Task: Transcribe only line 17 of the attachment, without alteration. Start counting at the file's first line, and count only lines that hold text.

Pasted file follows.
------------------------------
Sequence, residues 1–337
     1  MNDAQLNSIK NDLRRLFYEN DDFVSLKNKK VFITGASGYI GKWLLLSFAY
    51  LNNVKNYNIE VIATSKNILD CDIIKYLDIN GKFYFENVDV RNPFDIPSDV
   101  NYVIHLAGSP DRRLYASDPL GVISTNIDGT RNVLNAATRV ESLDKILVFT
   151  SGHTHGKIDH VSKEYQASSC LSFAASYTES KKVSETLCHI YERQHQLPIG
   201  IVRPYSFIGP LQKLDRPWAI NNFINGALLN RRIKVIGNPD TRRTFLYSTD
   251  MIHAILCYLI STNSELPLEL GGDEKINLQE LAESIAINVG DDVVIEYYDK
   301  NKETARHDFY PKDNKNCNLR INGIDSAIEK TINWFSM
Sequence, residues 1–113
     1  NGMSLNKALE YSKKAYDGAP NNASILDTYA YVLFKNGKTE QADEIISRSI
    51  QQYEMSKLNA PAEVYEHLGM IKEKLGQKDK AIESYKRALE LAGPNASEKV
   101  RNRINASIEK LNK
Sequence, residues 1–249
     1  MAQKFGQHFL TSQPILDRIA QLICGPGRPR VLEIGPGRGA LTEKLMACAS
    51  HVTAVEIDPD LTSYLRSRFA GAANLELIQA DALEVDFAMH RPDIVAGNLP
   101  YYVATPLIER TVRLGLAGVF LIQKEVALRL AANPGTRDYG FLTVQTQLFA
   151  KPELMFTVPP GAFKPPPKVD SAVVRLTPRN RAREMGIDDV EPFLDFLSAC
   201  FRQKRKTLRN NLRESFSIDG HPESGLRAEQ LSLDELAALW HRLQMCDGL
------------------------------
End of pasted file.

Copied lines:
   151  KPELMFTVPP GAFKPPPKVD SAVVRLTPRN RAREMGIDDV EPFLDFLSAC